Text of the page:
By Anja van den Berg
Sexual harassment has been normalised in our society, says Professor Naeemah Abrahams, acting director of the Gender and Health Research Unit of the Medical Research Council.
The research agency Columinate recently engaged 1000 urban South Africans to investigate the statistics behind sexual harassment in the workplace. The results were less than ideal; the data correlate with Professor Abraham’s statement. Amongst other disheartening findings, the study conveyed that 30% of women and 18% of men have been victims of unwanted sexual advances in the workplace.
Sexual harassment happens everywhere: in the most lucrative industries and in minimum-wage jobs, in glamorous fields as well as in the most ordinary. The high costs of sexual harassment are evident, from employee outrage to the loss of worker productivity and employee attrition.
When it comes to the issue of sexual harassment in the workplace, the pressure on leadership accountability is reaching boiling point.
“The consequences of tolerating such behaviour are serious,” says Colleen Ammerman, director of the Gender Initiative at Harvard Business School. “It would be wise for leaders to do more than review and update harassment policies and trainings.”
Research conducted by Stanford University points to a single step that leaders can take to help reduce sexual harassment: communicate to employees that preventing it is a high-priority issue for their companies.
In just a few sentences, this signals to others how much they should prioritise the issue and sets a culture in which sexual harassment is not tolerated.
According to the research team, this messaging is critical because, more than any other aspect of a company, “it is organisational climate that best predicts the occurrence of sexual harassment”.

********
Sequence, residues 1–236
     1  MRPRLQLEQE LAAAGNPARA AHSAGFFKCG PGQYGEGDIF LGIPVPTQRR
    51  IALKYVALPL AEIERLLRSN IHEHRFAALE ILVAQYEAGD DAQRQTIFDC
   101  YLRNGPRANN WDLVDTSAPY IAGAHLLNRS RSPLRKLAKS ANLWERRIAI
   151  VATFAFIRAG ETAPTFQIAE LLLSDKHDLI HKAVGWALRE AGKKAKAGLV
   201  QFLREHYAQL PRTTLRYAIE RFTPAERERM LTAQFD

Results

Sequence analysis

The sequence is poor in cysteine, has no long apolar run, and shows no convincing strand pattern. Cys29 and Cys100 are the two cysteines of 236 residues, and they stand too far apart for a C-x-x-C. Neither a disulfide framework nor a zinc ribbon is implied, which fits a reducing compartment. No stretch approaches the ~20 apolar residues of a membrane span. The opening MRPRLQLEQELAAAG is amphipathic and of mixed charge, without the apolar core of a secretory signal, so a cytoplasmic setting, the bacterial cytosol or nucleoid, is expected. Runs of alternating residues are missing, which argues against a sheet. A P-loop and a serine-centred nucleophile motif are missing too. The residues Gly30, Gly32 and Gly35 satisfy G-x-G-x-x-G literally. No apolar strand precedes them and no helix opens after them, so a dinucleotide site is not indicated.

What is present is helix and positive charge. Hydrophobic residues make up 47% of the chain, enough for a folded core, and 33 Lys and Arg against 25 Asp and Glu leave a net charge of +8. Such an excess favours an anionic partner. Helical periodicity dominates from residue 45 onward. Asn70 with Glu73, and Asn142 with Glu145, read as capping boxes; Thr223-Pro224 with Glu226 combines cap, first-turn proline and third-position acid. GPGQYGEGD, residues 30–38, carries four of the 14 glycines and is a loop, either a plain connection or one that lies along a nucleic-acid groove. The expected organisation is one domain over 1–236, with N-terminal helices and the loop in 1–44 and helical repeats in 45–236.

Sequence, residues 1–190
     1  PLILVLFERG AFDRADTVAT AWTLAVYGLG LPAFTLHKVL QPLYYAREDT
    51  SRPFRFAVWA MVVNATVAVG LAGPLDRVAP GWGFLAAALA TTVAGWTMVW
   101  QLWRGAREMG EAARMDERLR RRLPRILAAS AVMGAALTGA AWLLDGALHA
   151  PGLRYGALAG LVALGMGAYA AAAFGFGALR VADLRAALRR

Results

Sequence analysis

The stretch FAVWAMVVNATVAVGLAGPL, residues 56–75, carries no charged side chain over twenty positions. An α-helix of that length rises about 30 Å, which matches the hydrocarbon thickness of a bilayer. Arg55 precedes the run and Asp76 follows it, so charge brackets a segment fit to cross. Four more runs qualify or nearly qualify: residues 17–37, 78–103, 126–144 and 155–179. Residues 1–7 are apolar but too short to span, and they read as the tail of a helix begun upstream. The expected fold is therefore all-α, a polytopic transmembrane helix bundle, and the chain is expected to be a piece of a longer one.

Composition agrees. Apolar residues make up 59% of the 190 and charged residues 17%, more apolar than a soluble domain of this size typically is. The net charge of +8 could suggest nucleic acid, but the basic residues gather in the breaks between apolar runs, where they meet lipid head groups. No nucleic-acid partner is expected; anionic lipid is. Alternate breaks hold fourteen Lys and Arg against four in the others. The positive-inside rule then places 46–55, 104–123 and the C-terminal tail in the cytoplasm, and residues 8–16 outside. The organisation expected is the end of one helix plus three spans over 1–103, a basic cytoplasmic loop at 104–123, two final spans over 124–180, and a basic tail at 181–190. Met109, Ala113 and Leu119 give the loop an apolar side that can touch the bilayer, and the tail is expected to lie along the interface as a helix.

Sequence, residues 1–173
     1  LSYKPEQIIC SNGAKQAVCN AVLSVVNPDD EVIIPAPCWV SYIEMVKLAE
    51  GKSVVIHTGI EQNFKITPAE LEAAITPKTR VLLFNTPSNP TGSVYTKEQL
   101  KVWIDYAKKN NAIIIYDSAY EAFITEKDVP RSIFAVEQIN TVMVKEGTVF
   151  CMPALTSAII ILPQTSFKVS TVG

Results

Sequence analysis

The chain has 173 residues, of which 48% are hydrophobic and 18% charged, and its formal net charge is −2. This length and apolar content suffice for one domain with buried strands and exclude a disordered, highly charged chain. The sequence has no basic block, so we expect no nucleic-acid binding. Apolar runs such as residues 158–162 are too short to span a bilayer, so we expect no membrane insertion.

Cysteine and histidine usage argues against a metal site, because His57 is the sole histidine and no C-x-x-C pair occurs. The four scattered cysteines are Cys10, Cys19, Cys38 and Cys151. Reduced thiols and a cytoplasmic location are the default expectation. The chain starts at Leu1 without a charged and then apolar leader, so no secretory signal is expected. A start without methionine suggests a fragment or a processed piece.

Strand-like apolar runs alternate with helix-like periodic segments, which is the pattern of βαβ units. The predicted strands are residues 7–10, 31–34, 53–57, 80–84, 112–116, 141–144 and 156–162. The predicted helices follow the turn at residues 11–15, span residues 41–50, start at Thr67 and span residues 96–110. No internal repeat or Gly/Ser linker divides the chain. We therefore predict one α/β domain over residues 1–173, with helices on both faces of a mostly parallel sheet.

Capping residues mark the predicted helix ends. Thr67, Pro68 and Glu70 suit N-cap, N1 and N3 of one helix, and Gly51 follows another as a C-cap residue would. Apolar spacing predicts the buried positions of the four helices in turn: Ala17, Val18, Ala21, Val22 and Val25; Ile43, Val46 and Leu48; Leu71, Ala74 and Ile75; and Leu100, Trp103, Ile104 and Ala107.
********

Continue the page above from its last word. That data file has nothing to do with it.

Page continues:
Newly published research in the journal Socius: Sociological Research for a Dynamic World underlines these important findings: the way leaders communicate can indeed shape peoples’ attitudes toward sexual harassment.
When the climate toward sexual harassment is lenient, members feel that there are few consequences – that those who engage in sexual harassment will be protected, while those who report it will be disregarded or even penalised.
“Of course, leader communication alone will not solve this issue,” says Shelley Correll, a professor of sociology and organisational behaviour at Stanford University.
“Companies that wish to eradicate sexual harassment must follow words with actions, taking steps to bring transparency and accountability to policies and investigation processes.
“If leaders do nothing, however, they are not just acting neutrally. They may be fostering a culture where sexual harassment will become more prevalent.”
Harvard Business Review: https://hbr.org/2018/12/study-when-leaders-take-sexual-harassment-seriously-so-do-employees
Sage Journals: https://journals.sagepub.com/doi/10.1177/2378023118808617#articleCitationDownloadContainer
Fast Company: https://www.fastcompany.com/3032291/why-sexual-harassment-is-still-an-issue-and-why-so-many-get-away-with-it
Harvard Business Review: https://hbr.org/2017/12/why-sexual-harassment-persists-and-what-organizations-can-do-to-stop-it
The South African Labour Guide: https://www.labourguide.co.za/general/600-code-of-good-practice-on-sexual-harassment113
Biz Community: https://www.bizcommunity.com/Article/196/607/181307.html